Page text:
It’s essential to note that these conditions also operate inversely. Parties lacking market influence, facing counterparts with substantial market power, or heavily invested in relationship-specific assets are both less likely to succeed in employing brinkmanship and more susceptible to being subject to brinkmanship tactics themselves.

Brinkmanship Tips

While brinkmanship can be an assertive approach, it might yield favourable outcomes for the party employing it. The crux lies in limiting the potential damage it has brought to a business relationship. When engaging in negotiations with a vendor or supplier using brinkmanship, the initiator must ensure having contingency plans in place in case the vendor or supplier chooses to disengage. Employing brinkmanship should occur at the negotiation’s outset; its use in the final stages may signal a lack of good faith, potentially provoking resentment in the opposing party.

Brinkmanship ought to be deployed only after fostering a relationship; its premature application may prompt potential business partners or vendors to withdraw as they haven’t invested sufficient time or effort. Negotiators must also be pragmatic; demanding an extensive discount from a supplier might prove economically unfeasible for them and could lead to an abrupt end to negotiations.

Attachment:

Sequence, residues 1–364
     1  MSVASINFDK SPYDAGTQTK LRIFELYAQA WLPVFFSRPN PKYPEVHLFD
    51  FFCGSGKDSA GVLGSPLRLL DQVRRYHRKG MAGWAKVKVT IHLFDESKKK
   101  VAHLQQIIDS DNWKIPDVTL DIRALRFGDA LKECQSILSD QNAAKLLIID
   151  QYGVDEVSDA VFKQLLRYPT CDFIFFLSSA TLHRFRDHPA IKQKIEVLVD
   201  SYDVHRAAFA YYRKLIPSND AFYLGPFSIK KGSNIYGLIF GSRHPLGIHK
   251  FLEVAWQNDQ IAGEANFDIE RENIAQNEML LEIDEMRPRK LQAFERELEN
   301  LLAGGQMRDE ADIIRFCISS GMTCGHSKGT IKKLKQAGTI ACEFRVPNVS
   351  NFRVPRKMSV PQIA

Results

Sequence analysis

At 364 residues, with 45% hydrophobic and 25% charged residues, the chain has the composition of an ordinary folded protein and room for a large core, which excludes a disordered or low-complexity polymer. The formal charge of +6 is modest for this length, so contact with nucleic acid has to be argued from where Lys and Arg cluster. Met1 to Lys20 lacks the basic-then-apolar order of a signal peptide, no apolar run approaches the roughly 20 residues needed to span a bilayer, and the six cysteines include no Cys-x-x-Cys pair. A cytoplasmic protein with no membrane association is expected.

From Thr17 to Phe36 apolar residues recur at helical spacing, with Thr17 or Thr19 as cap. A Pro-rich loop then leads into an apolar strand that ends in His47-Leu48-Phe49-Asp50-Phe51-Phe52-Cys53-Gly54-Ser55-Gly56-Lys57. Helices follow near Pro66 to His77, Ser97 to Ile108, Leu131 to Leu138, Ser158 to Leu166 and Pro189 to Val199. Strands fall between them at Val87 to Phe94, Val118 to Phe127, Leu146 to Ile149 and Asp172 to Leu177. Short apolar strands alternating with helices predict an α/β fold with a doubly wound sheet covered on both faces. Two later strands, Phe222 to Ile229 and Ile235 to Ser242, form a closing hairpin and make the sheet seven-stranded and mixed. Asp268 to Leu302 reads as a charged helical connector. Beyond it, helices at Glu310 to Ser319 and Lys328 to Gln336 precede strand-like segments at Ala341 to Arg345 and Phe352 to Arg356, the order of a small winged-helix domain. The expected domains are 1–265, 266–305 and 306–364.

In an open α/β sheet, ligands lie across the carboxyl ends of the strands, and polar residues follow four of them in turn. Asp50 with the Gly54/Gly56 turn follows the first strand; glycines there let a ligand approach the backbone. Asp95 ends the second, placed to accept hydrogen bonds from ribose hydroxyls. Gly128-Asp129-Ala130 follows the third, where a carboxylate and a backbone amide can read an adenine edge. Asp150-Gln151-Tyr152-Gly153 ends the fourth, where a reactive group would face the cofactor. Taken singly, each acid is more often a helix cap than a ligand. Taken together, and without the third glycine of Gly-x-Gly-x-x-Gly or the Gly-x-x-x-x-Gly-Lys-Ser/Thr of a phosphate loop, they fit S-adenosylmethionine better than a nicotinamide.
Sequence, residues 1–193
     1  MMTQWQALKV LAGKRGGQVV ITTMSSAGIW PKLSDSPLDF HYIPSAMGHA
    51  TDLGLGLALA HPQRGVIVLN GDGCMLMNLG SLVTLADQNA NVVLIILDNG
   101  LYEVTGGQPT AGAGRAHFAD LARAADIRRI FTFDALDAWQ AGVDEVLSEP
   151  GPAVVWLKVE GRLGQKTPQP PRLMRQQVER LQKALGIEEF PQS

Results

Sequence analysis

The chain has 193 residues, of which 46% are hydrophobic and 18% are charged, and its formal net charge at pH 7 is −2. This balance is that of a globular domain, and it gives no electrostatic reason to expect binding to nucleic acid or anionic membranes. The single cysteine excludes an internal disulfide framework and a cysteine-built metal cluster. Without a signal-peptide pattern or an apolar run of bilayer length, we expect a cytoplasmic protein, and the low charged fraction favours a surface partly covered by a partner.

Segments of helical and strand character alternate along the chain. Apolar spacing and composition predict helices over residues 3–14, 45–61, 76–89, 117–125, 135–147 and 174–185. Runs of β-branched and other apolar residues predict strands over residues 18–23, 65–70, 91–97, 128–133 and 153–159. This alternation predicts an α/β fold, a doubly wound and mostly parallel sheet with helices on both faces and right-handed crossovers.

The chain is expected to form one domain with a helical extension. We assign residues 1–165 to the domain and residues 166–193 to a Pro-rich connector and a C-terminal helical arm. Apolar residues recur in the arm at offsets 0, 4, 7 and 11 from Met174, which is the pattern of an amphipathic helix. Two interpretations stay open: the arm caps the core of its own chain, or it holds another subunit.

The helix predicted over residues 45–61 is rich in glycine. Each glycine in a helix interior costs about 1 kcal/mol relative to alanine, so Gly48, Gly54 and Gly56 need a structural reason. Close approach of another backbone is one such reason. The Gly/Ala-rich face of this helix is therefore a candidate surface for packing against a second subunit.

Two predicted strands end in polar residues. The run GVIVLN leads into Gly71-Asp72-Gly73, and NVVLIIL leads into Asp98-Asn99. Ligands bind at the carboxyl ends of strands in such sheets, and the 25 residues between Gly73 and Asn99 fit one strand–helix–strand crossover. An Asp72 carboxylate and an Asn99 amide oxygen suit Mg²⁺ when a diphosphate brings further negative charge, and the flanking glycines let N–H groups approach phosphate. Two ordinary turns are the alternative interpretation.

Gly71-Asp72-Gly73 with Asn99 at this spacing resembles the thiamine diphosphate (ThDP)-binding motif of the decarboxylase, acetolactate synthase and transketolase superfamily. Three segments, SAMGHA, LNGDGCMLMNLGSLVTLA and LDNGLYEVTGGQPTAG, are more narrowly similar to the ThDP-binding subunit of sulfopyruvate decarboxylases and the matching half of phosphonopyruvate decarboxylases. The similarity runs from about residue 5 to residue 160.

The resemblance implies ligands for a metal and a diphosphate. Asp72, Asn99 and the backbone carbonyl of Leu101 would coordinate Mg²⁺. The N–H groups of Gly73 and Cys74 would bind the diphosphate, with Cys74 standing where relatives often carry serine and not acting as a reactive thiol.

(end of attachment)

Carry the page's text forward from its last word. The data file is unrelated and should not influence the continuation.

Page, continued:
Responding to Brinkmanship

Brinkmanship has the potential to disrupt and collapse negotiations. Being subjected to such tactics can evoke feelings of being pressured, exposed, or apprehensive.

One approach to circumvent this scenario involves seeking alternative business partners, suppliers, or clients with differing demands. This allows for sidestepping unnecessary or uncomfortable concessions. In cases where no viable alternatives exist, a strategy could entail conceding to an aggressive demand while simultaneously seeking compensatory measures elsewhere.